Last January, through the Board of Aldermen and the City Council, the Mayor put a temporary halt to new construction along a designated area of the Parkway, Chelsea Street, and Spring Street to complete a Zoning and Re-Use study as part of the Mayor’s visioning project

The Parkway Overlay District is the first of many areas in the city the Mayor is targeting. With the overlay district in place, the Mayor is looking at areas that will help develop Everett for the future.

The area may be ripe for development should a casino be built just down the road in Revere. DeMaria wouldn’t go as far as saying he supports the effort to bring expanded gaming to Suffolk Downs, acknowledging that there are downfalls to the upsides of a major economic engine coming into the area.

However, the Mayor did note that Everett’s close proximity to the potential site would make long abandoned factories, warehouses, and other areas on Revere Beach Parkway prime locations for potential development in the future.

“We’re trying to get strong, twenty-first century companies into developments like the River Green site along the Malden River that will spur further development in the years to come.”

“These types of businesses will generate the revenues we need in order to be able to offset losses in local aid, increases in healthcare costs and pensions, and minimize any impact on taxpayers in the future.”

While development is a key component that will encourage the city’s residents and businesses to remain and grow locally, the Mayor also acknowledged the importance of developing programs that will keep the city’s streets and neighborhoods clean and safe.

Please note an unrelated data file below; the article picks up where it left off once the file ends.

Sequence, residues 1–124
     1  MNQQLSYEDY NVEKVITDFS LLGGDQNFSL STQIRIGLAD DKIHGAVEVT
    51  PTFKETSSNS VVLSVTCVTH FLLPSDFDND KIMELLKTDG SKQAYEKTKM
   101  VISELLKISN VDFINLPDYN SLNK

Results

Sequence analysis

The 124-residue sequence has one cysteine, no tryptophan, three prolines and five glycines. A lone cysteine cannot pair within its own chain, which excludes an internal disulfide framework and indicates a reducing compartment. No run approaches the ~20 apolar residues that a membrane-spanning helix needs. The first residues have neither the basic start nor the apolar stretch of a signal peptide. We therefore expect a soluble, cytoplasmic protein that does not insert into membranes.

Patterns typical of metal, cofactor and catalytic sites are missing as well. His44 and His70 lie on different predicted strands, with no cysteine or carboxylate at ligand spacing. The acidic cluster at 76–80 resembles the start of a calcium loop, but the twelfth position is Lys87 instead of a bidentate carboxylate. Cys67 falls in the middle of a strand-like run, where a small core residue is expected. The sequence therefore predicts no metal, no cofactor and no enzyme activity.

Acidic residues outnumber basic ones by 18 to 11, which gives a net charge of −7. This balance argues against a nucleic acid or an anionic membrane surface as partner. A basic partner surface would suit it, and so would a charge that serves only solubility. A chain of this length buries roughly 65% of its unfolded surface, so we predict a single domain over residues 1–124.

DeMaria also voiced his commitment to creating better parks and playgrounds as he goes forward in his third term, calling for continued pursuit of funding that would create a new Glendale Park as “the centerpiece of recreational activity”.

“It’s one of the largest open space areas in the city, and home to the new Everett High School. I’m deeply committed to working towards a renovation of the park in order to create the best baseball fields, track, and playground.

“For too long, the park was neglected, and its truly one of the gems in a very dense, urban community.”

Despite big dreams, the city continues to face the challenge of shrinking costs as they are continually driven up, however, the Mayor believes the city is back on track financially.

In November, the Department of Revenue certified the city’s free cash at $3.5 million.

“It’s obviously still going to be a tough time for people, here in Everett, in Massachusetts, and across the country,” said DeMaria. “We’re truly focused on staying on the right track.

“Ultimately, it’s all about finding growth, but making sure that its right for the long-term future of the community. To keep Everett moving forward into a new era of prosperity and development.”

As we finished our thirty-minute chat, DeMaria vowed to foster principles and ideas that would ensure that residents enjoy their city to the fullest.

He expressed a desire and hope that the policies and programs would ultimately encourage the youth of the community to return as they begin a new chapter of their lives in the working world. To help build a better, brighter Everett.

“We’ve long been a community where people from everywhere come to begin something better, and I hope that we continue to provide that opportunity.”

“And for those Everett residents returning or debating whether or not to remain, I hope we can continue to make their lives that much better and encourage them to do so.”